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St. Joseph Polish Cemetery Old Section = Inscriptions

St. Joseph Polish Cemetery Old Section Inscriptions

South Bend –St Joseph County, Indiana

By Gene (Genevieve) Stachowiak Szymarek


Transcribed: Jim Piechorowski  2008     


Gene and her late husband John F. Szymarek co-authored / compiled this work through the painstaking recording the names and associated relationships obtained by walking the cemetery grounds. In addition data received from families and other genealogical sources were verified and added as received.


With the permission of the surviving family and the knowledge and consent of the publisher, Heritage Books Inc. we have transcribed the second of three genealogical works developed by the sisters. Our purpose was not to copy every entry verbatim, but to provide the user with a tool to use the additional detail contained in the hardcopy book.


These books are available at our local St. Joseph County Libraries for independent study or personal copies may be obtained by contacting.

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The St. Joseph Polish Catholic Cemetery

Association of St. Joseph County, Indiana




Polish efforts to organize and establish an effective local identity were not limited to the establishment of multiple Roman Catholic Parishes, neighborhoods or ethnic shopping areas.  By the turn of the 19th Century they were numerous enough to begin other political and social institutions to dignify their existence in very special ways.


As early as 1901 the South Bend Tribune noted;

“Leading Polish citizens had started a movement for a Cemetery of their own”.


Prior to this the only Catholic Cemetery in the area was a parcel of land that Fr. Sorin had developed for South Bend Catholics near Notre Dame, known as Cedar Grove Cemetery. Since its inception the Brothers of the University, who acted as undertaker and sexton, cared for it. Today the Cemetery is under the care of the University.


The Polish people residing on the West Side of the city objected to having to submit to what was viewed as a monopoly on burial plans. The local Polish language paper, the “Goniec Polski”, commented on the swelling movement and the subsequent controversy that pitted the local Polish community against the Bishop of Fort Wayne, who demanded ownership of the St. Joseph Cemetery by the diocese. Had it not been for the compromise of local Holy Cross pastors, this incident might have precipitated a break from the Roman Church over the issue of trustees.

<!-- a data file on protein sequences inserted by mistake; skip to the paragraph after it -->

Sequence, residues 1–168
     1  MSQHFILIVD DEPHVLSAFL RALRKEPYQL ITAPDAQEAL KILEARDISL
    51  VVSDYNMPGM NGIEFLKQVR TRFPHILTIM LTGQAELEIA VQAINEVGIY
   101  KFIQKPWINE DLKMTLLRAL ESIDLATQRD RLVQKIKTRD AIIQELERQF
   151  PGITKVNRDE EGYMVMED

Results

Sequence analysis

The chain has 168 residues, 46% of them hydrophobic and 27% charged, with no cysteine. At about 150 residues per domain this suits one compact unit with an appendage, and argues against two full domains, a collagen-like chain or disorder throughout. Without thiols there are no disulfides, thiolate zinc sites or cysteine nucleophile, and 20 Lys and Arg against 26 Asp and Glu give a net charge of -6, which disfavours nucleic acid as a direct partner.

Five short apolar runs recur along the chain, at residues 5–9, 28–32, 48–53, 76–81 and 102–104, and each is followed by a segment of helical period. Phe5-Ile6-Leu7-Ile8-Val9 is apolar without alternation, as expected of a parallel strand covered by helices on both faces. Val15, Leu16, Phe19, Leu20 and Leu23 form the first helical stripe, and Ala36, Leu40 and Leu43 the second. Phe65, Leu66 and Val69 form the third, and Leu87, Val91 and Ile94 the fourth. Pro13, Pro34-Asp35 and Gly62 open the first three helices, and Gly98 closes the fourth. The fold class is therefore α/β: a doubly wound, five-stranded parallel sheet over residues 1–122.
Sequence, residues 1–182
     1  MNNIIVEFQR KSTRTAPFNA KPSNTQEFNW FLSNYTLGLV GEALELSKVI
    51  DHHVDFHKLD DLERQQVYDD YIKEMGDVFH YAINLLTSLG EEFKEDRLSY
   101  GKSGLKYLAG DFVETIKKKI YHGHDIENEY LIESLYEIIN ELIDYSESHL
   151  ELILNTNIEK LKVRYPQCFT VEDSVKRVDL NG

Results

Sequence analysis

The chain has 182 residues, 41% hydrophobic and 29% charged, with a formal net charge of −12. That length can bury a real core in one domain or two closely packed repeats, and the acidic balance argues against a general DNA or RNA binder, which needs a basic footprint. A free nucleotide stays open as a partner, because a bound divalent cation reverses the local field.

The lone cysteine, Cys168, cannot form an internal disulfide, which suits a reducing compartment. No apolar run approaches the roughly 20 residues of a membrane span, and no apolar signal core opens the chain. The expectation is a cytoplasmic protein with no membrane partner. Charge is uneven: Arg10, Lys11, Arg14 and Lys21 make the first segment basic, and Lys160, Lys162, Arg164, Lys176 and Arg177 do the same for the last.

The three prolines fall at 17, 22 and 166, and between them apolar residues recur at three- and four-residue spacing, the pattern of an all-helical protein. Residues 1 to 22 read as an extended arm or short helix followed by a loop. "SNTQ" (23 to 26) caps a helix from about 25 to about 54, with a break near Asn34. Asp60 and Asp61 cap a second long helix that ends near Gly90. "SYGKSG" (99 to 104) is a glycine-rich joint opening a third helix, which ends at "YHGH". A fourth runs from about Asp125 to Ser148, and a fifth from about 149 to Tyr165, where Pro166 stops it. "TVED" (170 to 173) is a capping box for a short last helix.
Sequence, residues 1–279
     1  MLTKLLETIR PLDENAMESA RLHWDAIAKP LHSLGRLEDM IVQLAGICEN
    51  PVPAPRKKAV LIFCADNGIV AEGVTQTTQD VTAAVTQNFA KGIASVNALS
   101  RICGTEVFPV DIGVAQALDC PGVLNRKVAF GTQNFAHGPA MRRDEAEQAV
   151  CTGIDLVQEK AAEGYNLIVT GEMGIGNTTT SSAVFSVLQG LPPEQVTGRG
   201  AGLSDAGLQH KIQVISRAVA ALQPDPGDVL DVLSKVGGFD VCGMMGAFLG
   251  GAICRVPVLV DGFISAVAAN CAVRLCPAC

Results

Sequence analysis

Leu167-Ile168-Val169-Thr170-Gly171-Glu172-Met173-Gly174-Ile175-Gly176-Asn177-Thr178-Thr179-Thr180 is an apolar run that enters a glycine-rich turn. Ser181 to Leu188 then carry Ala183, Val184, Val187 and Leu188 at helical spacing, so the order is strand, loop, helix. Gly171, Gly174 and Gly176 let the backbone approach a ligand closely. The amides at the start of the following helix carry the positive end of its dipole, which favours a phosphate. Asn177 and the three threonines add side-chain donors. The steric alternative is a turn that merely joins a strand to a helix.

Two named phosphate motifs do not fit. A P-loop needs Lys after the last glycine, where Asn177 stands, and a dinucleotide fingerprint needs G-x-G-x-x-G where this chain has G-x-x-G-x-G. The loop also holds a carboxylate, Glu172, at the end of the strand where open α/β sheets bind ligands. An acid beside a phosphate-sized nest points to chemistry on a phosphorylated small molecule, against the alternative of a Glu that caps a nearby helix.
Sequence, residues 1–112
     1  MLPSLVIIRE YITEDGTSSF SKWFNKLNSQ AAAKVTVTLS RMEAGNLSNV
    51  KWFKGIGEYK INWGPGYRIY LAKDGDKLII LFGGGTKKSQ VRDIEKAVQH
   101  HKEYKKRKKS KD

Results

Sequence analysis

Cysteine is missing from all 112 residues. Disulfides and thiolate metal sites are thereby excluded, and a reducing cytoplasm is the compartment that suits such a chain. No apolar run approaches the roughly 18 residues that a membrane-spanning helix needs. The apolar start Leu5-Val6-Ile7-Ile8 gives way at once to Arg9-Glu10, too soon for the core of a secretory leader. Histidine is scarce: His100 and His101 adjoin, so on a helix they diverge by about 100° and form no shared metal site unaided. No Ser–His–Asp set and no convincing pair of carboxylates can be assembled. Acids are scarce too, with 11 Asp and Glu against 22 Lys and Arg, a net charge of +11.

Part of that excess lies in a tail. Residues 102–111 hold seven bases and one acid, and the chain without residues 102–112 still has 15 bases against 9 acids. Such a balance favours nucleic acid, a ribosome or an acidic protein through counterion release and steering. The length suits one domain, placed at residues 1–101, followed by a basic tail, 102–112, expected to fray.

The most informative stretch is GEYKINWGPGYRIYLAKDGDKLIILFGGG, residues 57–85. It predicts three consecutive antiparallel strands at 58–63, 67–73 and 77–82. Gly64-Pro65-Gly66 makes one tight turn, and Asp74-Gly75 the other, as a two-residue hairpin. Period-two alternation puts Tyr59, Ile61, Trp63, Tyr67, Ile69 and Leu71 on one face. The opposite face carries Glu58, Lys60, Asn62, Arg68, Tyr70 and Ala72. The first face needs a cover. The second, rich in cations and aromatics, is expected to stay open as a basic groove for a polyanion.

A working group of leading Polish leaders of each Parish, the two groups of Polish Falcons and the Editor of the “Goniec Polski” was formed to progress the project. The reasons for the desire to establish a second cemetery were several:


(1) Cedar Grove was some distance from the West Side limiting graveside visits

(2) The care of Cedar Grove provided by the Brothers left something to be desired

(3) Poles simply wanted to be buried alongside other countrymen 


The Associations work began with the approval of the Bishop of Fort Wayne who was initially the honorary President of the group. Between 1904 and 1906 the association of lay people raised money, purchased property and established a funeral insurance plan to help individuals prepay for their funerals. The lay leaders felt that the association owned the cemetery. It was at this time that a crisis erupted, when the Bishop informed the association that he would not “bless the cemetery” until the title was turned over to the diocese. At a meeting of March 21, 1906 the over three hundred people who had contributed to the project voted to incorporate the cemetery. The Bishop in turn refused to bless the cemetery and forbade local priest to provide Christian burial.